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A benchmark metric, patents per lawyer, suffers from degradation in China

A patent is a patent is a patent. We wish, Gertrude.

It is comforting to assume that the building blocks of benchmarks, among others lawyers, paralegals, lawsuits, patents, have fairly consistent meanings among general counsel and around the world. For the most part, the operational definitions of these key quantities hold up well although they and other key terms have their soft spots (See my post of Sept. 22, 2009: difficulties with definition of “lawyer”; Feb. 10, 20010: variable definition of “paralegal”; March 26, 2008: “matter”; and May 16, 2006: “in-house chargeable hours”.). The coins are not shaved.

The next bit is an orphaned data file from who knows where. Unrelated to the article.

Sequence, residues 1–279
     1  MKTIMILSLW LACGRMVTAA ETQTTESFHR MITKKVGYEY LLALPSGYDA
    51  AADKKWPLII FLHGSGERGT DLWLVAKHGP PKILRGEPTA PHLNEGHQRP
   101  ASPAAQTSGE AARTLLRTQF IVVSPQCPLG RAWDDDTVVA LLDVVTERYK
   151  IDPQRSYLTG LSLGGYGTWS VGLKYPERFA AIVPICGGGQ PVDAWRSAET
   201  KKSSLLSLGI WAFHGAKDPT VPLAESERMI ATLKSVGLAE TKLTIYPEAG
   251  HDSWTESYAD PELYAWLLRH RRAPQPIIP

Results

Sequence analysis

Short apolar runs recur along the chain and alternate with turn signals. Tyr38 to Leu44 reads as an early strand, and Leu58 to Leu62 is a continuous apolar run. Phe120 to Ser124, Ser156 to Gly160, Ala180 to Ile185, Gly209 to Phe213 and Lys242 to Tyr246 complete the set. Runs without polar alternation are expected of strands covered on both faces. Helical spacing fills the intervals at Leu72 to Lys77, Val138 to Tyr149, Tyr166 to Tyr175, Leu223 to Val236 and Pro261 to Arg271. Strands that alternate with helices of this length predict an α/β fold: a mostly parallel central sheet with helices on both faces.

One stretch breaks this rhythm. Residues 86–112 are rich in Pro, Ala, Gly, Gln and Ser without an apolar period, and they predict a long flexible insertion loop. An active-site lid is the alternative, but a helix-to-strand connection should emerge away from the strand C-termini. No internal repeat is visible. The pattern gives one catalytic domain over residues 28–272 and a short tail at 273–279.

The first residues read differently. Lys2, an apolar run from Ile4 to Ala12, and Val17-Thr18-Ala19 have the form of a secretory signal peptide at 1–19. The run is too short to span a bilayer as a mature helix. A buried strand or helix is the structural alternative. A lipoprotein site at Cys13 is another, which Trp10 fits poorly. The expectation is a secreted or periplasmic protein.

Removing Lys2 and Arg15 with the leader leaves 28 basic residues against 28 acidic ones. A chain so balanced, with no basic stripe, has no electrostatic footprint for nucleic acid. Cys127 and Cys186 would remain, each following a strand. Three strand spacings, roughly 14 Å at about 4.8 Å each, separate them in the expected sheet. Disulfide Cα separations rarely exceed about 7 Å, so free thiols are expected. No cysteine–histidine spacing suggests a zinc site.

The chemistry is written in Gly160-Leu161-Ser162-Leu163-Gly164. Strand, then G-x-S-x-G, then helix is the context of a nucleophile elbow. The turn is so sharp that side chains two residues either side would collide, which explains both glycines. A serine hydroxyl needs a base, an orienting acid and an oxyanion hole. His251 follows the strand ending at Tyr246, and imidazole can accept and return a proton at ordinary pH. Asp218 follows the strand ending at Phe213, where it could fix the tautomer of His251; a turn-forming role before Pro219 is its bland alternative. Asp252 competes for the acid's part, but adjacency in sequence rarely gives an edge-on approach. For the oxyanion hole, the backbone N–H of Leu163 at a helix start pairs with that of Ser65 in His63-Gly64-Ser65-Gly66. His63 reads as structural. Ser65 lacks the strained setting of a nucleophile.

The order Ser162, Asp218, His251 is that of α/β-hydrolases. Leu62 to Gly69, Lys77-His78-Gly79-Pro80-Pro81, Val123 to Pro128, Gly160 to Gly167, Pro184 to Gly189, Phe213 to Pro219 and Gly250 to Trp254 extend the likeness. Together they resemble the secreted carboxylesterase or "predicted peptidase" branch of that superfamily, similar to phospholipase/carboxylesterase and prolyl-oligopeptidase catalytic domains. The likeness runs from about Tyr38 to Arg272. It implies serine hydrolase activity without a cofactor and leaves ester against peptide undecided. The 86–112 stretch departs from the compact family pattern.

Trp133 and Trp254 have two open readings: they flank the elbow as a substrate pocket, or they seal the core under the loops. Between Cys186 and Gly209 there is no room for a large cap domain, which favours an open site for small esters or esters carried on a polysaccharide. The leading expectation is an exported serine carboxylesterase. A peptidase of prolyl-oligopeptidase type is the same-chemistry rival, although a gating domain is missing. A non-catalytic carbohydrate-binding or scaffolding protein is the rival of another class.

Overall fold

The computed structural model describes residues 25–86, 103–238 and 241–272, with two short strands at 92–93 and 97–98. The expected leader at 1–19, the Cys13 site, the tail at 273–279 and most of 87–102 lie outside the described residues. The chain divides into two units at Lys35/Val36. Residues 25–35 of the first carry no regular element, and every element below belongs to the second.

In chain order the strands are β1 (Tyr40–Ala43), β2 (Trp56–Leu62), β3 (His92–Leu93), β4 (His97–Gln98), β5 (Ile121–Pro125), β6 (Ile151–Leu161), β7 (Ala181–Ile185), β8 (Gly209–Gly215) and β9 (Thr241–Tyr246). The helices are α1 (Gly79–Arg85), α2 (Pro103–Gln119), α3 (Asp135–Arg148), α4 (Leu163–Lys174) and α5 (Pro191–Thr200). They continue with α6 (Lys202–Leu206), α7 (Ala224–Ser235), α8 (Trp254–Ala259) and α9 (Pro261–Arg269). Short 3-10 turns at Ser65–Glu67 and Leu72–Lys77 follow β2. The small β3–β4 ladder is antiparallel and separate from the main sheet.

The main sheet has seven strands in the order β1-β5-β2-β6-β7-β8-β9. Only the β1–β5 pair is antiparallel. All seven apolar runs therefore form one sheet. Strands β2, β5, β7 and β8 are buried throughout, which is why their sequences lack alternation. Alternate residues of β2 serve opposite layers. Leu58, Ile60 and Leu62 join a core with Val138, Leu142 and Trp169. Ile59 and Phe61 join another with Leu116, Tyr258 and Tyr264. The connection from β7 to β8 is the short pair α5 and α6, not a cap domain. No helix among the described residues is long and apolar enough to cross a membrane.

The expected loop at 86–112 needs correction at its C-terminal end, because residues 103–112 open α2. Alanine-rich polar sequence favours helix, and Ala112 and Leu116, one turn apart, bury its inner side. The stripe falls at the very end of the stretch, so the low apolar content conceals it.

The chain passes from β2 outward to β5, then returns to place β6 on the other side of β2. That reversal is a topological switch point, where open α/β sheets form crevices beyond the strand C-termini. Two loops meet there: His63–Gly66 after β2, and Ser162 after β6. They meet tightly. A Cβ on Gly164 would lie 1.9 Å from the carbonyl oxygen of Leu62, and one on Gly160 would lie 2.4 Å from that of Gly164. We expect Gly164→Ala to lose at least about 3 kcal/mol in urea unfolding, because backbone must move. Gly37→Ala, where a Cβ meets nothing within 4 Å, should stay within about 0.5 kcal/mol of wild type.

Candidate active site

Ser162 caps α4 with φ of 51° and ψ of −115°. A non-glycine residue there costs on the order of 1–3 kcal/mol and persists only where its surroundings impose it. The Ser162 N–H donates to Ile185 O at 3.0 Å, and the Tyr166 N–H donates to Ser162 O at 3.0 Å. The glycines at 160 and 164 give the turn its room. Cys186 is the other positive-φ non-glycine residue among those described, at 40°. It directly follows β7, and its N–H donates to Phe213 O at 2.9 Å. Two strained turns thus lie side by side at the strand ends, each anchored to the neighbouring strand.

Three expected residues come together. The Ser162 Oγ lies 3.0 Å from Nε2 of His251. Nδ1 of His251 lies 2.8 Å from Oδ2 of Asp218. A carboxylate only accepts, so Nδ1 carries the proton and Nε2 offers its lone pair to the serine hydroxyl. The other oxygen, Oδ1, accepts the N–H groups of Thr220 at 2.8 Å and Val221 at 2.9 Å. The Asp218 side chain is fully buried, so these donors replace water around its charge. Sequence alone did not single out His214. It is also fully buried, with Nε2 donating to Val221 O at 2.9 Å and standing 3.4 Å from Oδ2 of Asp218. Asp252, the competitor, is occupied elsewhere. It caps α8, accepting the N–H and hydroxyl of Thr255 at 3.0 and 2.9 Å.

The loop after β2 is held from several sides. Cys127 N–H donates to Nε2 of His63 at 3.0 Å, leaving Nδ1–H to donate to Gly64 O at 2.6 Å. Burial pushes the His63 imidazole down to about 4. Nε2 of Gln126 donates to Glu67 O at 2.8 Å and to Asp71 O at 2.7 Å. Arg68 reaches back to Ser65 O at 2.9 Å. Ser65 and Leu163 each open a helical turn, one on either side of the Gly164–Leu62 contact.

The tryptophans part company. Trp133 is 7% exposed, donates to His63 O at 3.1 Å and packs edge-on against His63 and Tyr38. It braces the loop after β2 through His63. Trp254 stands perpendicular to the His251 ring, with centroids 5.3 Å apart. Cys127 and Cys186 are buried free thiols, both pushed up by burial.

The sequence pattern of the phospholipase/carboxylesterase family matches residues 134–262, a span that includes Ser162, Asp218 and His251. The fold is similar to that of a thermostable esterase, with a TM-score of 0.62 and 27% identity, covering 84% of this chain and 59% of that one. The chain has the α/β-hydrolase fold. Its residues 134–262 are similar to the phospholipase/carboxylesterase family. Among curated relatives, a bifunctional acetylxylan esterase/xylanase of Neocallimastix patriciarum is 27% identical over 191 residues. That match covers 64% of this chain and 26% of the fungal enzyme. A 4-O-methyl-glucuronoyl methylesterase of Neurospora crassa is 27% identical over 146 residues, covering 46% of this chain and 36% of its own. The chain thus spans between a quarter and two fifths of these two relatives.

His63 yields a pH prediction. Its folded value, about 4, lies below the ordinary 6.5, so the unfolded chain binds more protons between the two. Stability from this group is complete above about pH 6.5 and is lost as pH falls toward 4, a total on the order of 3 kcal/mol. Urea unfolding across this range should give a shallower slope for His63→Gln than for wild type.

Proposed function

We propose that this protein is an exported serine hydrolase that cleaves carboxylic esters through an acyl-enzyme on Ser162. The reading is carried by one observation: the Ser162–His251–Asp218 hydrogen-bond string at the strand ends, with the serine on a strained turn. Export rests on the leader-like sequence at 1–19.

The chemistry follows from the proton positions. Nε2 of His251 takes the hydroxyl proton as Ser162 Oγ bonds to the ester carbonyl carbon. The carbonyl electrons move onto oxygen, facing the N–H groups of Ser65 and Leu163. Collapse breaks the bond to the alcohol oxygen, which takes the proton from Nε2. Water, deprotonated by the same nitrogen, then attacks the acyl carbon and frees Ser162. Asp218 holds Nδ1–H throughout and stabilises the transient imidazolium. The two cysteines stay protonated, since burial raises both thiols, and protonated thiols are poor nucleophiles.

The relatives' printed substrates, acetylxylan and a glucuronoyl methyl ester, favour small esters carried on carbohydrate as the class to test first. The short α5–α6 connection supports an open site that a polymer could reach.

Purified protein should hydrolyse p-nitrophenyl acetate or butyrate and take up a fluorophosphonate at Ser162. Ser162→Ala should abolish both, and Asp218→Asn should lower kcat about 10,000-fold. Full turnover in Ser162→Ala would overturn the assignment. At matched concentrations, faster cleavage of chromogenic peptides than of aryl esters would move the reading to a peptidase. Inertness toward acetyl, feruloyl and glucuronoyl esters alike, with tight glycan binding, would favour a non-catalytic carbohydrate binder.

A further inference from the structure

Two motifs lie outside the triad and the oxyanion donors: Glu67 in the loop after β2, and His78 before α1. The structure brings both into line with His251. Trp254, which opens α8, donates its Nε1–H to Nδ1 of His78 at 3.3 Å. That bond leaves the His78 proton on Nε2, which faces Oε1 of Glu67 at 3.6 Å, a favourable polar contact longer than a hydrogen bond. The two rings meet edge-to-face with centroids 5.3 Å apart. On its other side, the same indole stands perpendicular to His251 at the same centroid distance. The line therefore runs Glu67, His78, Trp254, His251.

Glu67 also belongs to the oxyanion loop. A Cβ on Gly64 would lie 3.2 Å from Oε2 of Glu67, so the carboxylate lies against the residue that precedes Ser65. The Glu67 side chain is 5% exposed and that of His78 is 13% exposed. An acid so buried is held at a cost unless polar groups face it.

Turns out, we can’t trust some patent figures. The Economist, Nov. 13, 2010, at 96, notes that between 2003 and 2009 Chinese patent filings grew by 26% — far faster than in any other country. The article then bursts anyone’s bubble about the quantity and quality of Chinese patents. “Bureaucrats in Chinese patent offices are paid more if they approve more. As a result there is a mountain of Chinese patents of dubious quality.” That inflation of output cheapens quality and throws off benchmarks based on patents if Chinese companies’ figures are included.

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